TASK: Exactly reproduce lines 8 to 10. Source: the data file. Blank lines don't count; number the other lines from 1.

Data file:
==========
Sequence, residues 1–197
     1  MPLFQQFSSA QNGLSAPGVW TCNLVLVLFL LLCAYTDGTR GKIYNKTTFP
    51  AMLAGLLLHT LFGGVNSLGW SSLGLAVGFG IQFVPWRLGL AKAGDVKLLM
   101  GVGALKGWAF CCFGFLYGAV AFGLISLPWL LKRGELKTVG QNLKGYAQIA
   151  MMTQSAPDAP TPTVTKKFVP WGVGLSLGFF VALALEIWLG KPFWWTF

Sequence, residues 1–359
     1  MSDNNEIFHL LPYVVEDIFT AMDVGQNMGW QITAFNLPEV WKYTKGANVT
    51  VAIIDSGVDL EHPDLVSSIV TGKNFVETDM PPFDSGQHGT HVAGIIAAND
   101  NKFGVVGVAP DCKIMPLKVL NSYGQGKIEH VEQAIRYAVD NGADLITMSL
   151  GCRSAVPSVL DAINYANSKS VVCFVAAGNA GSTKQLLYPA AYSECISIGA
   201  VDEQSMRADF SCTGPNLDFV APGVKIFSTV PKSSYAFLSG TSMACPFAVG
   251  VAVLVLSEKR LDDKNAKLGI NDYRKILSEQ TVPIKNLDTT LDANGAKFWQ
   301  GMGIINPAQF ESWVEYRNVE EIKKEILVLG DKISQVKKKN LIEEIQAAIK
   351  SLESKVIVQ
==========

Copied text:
    51  VAIIDSGVDL EHPDLVSSIV TGKNFVETDM PPFDSGQHGT HVAGIIAAND
   101  NKFGVVGVAP DCKIMPLKVL NSYGQGKIEH VEQAIRYAVD NGADLITMSL
   151  GCRSAVPSVL DAINYANSKS VVCFVAAGNA GSTKQLLYPA AYSECISIGA